When Brubeck met the Chinese orchestra

When Brubeck met the Chinese orchestra

Review Concert

GALA - RETURN OF THE BRUBECK

Singapore Chinese Orchestra with the Brubeck Brothers Quartet

Singapore Conference Hall/Last Friday

It is a curious fact here that when one wants to hear symphonic jazz and crossover music, the Singapore Chinese Orchestra are the go-to people.

In the past year, the orchestra has presented an all-Gershwin concert, collaborated with country fiddler Mark O'Connor and brought back Chris Brubeck, the ever-versatile jazzman son of legend Dave Brubeck. His third appearance here came in the Singapore debut of the Brubeck Brothers Quartet.

Alongside Chris was his brother drummer Dan, guitarist Mike DeMicco and pianist Chuck Lamb, who dominated centrestage, discreetly supported by the orchestra conducted by music director Yeh Tsung.

It is the very nature of crossover symphonic concerts that the special guests were the main draw, and the quartet performing mostly original music by Dave Brubeck did not disappoint.

Chris was the main spokesman, regaling the audience with anecdotes about each piece and their inspirations. Then he comfortably alternated between electric bass guitar, trombone and later even crooning, exuding that intense yet nonchalant air that only jazz people know how.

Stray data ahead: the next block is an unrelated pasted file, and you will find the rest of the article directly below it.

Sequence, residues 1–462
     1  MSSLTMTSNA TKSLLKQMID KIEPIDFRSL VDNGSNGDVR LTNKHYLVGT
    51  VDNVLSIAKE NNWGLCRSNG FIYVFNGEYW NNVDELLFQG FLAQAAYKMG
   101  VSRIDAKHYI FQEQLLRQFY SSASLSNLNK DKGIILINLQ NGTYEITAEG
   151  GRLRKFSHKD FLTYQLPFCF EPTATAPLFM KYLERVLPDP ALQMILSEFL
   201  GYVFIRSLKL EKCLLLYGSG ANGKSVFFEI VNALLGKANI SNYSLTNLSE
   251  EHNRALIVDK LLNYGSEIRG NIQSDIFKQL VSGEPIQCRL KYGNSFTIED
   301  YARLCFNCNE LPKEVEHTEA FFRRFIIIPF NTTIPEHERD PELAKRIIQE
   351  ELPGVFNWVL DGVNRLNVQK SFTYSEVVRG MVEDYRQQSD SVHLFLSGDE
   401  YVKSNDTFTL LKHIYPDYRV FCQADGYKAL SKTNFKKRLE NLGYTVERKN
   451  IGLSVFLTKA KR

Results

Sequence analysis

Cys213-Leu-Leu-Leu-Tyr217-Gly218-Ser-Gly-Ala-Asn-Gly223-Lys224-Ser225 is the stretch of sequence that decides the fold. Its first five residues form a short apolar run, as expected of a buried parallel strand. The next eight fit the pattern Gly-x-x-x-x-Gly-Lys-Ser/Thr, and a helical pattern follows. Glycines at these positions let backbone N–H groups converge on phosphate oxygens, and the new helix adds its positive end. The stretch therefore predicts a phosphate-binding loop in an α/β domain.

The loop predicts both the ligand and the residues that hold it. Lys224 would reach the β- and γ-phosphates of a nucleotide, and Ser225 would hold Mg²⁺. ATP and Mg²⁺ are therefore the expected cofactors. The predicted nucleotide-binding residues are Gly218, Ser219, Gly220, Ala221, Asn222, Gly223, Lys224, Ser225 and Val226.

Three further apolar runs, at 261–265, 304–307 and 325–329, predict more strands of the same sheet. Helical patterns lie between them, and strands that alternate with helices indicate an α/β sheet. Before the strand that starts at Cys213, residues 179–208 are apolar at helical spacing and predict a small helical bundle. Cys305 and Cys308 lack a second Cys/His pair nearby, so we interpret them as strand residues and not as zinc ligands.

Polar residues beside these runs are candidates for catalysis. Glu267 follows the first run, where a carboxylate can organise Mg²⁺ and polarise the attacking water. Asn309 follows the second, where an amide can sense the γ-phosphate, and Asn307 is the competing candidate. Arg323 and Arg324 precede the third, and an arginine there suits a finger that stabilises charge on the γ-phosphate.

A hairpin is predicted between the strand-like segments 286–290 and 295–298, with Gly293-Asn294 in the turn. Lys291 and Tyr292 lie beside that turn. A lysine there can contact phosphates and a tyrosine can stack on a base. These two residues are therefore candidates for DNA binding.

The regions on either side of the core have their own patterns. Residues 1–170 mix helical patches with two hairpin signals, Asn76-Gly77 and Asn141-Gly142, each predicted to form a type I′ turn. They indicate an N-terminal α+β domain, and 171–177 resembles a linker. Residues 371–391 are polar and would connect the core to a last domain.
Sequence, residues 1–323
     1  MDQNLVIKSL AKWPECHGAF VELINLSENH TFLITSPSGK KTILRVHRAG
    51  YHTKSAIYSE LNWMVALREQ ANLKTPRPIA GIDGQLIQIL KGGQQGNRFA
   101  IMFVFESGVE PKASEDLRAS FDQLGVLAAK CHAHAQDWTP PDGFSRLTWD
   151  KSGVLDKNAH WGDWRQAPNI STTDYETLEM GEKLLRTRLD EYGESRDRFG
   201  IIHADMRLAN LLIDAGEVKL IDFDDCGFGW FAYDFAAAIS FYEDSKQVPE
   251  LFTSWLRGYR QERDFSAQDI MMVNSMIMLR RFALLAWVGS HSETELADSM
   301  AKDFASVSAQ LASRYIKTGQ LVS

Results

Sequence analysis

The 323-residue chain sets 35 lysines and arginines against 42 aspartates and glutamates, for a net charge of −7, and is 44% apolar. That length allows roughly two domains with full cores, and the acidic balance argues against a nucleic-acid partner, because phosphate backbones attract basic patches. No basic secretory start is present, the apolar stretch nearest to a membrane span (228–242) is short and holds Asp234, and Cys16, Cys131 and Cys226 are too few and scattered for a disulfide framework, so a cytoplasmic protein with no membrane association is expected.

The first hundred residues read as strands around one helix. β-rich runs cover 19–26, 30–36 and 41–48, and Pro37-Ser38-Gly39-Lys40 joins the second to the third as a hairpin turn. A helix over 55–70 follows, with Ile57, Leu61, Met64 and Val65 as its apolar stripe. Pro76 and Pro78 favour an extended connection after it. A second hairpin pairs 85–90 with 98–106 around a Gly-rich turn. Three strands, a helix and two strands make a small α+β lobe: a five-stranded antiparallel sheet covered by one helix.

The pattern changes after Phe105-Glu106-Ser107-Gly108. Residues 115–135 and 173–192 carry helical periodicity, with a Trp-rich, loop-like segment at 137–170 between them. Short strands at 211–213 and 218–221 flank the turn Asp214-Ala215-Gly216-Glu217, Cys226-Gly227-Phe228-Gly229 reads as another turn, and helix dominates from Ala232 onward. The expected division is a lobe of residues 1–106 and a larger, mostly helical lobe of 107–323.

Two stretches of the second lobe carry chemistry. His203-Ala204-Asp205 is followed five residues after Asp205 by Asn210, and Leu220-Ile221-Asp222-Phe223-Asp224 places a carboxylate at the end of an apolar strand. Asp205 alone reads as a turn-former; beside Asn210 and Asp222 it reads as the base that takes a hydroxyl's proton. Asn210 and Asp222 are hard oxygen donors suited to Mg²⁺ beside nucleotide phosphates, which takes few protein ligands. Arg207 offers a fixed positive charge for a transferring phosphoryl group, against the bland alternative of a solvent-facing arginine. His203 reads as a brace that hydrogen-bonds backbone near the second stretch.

In My One Bad Habit Is Falling In Love, the title from a quote by Ella Fitzgerald, his trombone poured out the moody blues, contrasted by the heady procession of tunes in The Basie Band Is Back In Town.

Mr Broadway was written for a 1960s television detective series starring Craig Stevens (of Peter Gunn fame), a highly rhythmic and catchy number that should have caught more fame except that the show was canned after one season.

More classically inclined was Brandenburg Gate Revisited, a theme and variations piece based on a Bachian aria with the orchestra serving the concertino role of the baroque concerto grosso while the quartet improvised.

The only non-Brubeck numbers included an uncharacteristically tepid account of Gershwin's Strike Up The Band, Eric Watson's unusually jazzy Mahjong Kakis based on the quintessentially Chinese game for four - a far better account - and Leroy Anderson's Jazz Pizzicato, where the winds unwittingly upstaged the plucked strings.

The popular standards were reserved for the latter part of the 21/2-hour concert. Dan Brubeck's drums were afforded a prolonged solo in Jazzanias, while pianist Lamb commanded the keys in In Your Own Sweet Way.

Paul Desmond's ubiquitous Take Five, the Brubeck signature tune, got the audience all excited, not least with four orchestra musicians improvising over the world's most immediately recognisable 5/4 rhythm.

Tan Man Man's erhu, Zhong Zhi Yue's sheng, Yu Jia's pipa and Han Lei's guanzi took turns in wowing the audience and the quartet members themselves, with the longest and loudest applause reserved for Han's stunning acrobatics and long-held final note.

It was the non-standard time signatures and beats that made these numbers memorable: the invigorating 9/8 in Blue Rondo A La Turk and quirkingly off-centre 7/4 for Unsquare Dance.

It is not often that the audience at a Singapore Chinese Orchestra concert gets this worked up and vocal, but the intoxicating combination of jazz and Chinese instruments did the trick.

Two encores - Brubeck's Marian McPartland by the quartet unaccompanied and a reprise of the end of Blue Rondo - brought the evening's show to a rowdily memorable close.


This article was first published on August 18, 2014.
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